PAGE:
In certain embodiments, a biological sample according to any process described herein is taken from any individual. In some embodiments, the individual is an individual suspected of suffering from a disorder associated with abnormal glycan accumulation, biosynthesis, and/or degradation. In certain embodiments, the individual is a newborn or fetus.

In some embodiments, provided herein is a composition comprising isolated glycans, wherein the glycans were isolated from a biological sample, and one or more glycan degradation enzyme. In certain embodiments, the composition further comprises one or more biomarker generated according to any method described herein (e.g., wherein the biomarker is a non-reducing end glycan residual compound). In certain embodiments, provided herein is a biomarker described herein (e.g., a labeled or non-labeled non-reducing end glycan residual compound) and an analytical instrument or chromatographic resin.

Degradation Enzymes:

In certain embodiments, any suitable enzyme is optionally utilized in order to remove a glycan residual compound from the non-reducing end of a glycan. In certain disorders, e.g., as described herein, various types of abnormal glycan accumulation occurs. In certain instances, this type of glycan accumulation is detected and/or measured utilizing any suitable enzyme, e.g., as described herein. For example, Tables 1-4 illustrate various enzymes that are utilized in various embodiments of the processes described herein. Any enzyme with the desired specificity is optionally utilized in any process herein (i.e., to liberate the non-reducing end structures). Enzymes suitable for use in the processes described herein include, by way of non-limiting example, eukaryotic, prokaryotic, native, or recombinant enzymes.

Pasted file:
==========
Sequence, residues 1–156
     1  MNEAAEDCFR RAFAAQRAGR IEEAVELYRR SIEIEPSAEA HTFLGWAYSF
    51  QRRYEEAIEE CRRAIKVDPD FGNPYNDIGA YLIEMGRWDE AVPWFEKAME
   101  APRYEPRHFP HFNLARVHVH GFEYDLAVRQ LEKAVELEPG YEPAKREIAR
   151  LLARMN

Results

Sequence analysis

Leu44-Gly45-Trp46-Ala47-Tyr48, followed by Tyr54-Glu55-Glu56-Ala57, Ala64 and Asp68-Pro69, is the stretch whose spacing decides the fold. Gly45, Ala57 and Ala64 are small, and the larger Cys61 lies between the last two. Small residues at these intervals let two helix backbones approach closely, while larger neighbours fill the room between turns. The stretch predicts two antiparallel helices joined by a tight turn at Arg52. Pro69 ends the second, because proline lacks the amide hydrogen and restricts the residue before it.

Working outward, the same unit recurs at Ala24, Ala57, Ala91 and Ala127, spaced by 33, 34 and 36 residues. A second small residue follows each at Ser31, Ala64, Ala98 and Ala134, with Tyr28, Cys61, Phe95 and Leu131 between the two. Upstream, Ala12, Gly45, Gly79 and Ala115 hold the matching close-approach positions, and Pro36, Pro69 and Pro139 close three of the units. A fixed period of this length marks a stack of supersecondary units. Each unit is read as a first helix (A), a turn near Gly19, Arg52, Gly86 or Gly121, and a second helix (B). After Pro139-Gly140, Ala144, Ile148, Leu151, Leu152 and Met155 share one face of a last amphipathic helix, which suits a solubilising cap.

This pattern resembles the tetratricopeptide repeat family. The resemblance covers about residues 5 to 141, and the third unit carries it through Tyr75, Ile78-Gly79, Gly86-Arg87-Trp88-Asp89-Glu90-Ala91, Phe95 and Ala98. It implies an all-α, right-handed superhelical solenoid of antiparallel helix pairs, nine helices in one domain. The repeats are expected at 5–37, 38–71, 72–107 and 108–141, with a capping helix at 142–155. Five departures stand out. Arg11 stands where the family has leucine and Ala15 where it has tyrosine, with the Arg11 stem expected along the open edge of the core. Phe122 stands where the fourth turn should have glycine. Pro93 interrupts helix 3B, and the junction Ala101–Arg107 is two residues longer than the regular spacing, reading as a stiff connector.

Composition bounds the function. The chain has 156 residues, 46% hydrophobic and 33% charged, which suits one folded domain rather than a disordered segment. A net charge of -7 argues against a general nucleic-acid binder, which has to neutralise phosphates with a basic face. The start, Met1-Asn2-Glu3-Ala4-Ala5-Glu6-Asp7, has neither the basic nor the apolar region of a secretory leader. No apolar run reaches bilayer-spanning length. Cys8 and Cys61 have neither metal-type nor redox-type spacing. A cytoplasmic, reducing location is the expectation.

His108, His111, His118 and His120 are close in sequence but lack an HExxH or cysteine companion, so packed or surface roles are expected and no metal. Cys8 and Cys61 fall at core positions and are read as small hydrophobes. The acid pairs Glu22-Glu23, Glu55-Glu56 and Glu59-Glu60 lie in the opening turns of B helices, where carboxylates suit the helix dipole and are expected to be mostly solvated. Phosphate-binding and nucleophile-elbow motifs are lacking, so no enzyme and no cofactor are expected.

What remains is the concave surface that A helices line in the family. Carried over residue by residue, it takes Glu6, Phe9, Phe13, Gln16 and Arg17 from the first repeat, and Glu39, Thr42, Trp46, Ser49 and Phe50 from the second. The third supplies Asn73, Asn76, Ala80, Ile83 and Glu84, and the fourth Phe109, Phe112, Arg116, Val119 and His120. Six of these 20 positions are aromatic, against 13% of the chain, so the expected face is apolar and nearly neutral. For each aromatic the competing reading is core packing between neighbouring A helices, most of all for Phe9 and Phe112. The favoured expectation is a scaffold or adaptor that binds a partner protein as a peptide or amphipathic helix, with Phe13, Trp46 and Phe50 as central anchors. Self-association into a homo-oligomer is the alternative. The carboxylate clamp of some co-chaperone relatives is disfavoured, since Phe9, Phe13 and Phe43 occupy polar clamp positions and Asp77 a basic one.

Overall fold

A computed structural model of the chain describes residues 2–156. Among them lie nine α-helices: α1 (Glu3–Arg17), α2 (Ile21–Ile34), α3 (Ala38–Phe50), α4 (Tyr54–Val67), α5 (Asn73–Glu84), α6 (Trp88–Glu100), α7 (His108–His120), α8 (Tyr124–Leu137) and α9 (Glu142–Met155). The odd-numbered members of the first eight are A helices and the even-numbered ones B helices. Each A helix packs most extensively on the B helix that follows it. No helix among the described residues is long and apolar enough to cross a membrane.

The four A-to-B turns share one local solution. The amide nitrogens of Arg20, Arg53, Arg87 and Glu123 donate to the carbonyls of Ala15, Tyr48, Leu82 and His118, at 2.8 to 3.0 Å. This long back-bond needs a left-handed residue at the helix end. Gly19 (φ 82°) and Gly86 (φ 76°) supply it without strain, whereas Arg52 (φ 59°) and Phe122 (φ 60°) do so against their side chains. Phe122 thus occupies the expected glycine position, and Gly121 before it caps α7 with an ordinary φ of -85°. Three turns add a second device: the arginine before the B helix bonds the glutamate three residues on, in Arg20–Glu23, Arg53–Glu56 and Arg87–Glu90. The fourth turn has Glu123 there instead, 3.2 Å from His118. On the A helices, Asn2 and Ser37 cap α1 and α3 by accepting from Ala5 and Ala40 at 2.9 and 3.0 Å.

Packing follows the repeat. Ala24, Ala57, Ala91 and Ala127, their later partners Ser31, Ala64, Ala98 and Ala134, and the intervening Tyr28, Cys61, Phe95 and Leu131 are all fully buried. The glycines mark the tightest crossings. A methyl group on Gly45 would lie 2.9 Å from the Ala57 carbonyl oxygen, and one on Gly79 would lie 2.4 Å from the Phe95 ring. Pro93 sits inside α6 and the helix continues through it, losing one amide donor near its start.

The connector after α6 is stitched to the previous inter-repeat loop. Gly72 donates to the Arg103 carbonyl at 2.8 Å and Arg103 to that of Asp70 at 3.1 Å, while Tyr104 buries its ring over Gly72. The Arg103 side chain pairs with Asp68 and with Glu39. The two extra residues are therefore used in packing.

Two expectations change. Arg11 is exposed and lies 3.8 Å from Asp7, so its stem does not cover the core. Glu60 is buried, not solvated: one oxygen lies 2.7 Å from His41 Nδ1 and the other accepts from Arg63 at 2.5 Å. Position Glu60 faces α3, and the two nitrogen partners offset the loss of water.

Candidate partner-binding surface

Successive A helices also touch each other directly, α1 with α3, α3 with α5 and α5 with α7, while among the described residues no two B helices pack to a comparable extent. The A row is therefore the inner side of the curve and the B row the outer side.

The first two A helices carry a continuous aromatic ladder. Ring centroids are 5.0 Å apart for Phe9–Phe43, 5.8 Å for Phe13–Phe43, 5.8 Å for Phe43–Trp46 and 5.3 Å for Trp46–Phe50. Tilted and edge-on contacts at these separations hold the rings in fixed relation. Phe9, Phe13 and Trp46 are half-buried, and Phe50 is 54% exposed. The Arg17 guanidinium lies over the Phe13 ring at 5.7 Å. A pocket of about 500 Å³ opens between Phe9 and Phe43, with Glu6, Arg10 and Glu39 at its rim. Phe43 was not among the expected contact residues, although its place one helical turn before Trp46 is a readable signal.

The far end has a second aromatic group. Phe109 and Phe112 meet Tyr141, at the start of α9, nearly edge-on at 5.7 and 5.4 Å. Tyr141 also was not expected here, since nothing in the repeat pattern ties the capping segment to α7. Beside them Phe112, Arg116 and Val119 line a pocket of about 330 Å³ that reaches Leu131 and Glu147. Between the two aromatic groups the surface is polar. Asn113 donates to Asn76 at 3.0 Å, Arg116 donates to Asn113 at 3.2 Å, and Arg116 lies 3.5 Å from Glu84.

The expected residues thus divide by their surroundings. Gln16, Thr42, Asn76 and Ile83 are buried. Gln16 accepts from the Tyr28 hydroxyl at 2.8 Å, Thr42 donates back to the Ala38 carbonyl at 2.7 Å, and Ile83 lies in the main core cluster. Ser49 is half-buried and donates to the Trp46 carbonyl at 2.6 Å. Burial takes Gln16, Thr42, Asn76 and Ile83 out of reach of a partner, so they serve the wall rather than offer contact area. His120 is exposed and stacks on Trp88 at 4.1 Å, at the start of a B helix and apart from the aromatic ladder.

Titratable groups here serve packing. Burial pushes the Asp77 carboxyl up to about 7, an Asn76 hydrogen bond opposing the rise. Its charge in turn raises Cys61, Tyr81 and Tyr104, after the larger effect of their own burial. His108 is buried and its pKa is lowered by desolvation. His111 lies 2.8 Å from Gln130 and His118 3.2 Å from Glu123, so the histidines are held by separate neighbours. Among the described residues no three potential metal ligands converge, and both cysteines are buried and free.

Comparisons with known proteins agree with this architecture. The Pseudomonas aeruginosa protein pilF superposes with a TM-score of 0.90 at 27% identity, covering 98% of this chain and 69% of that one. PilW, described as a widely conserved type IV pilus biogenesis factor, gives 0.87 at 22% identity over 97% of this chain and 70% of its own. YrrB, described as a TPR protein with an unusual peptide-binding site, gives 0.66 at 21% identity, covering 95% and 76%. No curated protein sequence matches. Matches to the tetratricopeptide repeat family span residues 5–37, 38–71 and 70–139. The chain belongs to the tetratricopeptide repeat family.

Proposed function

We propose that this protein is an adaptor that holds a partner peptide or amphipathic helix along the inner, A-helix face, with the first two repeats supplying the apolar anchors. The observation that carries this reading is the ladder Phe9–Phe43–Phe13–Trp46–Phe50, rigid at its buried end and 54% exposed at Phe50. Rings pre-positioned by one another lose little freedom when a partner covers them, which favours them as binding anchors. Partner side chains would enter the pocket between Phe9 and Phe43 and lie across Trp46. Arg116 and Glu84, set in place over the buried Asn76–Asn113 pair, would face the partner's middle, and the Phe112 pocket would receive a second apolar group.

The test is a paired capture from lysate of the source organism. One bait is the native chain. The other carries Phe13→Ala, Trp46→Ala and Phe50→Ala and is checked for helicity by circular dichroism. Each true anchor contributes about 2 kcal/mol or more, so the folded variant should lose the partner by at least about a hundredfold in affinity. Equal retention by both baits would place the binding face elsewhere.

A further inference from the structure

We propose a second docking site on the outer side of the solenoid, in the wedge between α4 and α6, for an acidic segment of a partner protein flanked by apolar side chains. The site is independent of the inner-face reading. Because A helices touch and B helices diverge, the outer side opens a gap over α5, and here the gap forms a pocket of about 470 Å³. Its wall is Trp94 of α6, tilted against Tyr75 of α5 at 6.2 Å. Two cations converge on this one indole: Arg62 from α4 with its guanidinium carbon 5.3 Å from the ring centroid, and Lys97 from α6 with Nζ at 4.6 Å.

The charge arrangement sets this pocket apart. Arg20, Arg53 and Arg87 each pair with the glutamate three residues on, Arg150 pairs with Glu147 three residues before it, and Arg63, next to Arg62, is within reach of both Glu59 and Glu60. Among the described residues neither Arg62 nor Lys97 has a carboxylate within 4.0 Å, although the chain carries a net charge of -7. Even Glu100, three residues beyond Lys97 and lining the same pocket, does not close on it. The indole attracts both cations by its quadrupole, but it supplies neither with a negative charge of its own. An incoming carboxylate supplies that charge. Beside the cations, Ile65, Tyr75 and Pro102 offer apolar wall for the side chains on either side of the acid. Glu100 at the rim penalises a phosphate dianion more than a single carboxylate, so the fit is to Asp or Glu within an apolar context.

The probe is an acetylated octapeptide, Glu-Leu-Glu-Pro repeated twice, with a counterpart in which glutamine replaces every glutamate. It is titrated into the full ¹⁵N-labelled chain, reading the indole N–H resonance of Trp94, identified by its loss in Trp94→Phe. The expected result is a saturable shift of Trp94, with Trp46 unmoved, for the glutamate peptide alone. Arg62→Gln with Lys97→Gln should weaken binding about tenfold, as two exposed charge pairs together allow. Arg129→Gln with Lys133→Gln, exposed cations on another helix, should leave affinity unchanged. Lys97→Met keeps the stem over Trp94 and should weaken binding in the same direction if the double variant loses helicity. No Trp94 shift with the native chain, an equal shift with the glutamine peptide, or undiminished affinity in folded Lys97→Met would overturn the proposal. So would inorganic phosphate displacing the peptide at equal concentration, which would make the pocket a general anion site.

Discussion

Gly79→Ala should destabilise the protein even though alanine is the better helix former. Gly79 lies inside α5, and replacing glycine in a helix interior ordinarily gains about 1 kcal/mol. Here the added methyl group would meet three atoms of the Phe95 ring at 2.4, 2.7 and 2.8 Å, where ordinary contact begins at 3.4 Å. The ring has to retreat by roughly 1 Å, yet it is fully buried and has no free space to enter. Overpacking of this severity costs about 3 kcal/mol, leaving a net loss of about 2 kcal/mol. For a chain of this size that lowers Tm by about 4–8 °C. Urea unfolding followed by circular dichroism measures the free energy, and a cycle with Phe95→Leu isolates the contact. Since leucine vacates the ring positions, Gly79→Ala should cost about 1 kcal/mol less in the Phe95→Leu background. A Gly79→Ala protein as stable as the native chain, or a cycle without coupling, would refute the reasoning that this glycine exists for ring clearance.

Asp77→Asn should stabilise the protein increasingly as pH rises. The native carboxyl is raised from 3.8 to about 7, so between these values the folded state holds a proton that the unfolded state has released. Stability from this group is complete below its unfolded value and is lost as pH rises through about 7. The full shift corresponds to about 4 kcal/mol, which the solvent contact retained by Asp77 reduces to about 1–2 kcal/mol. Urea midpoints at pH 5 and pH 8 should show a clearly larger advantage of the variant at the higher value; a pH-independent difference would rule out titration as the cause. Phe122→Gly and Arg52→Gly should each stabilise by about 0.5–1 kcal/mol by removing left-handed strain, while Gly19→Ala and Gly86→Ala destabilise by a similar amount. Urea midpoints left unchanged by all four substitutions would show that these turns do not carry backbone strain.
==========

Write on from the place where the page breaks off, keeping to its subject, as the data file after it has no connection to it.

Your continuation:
In certain embodiments, a disorder associated with abnormal glycan accumulation includes a disorder associated therewith is caused by an abnormally functioning glycan degradation enzyme. In various embodiments, the abnormally functioning glycan degradation enzyme functions abnormally as a result of being present in an abnormally low amount, functioning improperly, or a combination thereof. For example, an abnormally functioning glycan degradation enzyme functions abnormally as a result of being present in an amount of less than 50%, less than 40%, less than 30%, less than 20%, less than 10%, or less than 5% than is present in an individual with normal amounts of the glycan degradation enzyme (e.g., an individual in a non-diseased, normal, or wild type state). In further or alternative embodiments, abnormally functioning glycan degradation enzymes are present in a normal amount, but do not function properly in degrading glycans. For example, such enzymes may be have amino acid substitutions in the sequences thereof that reduce or eliminate the glycan degradative properties of the enzyme.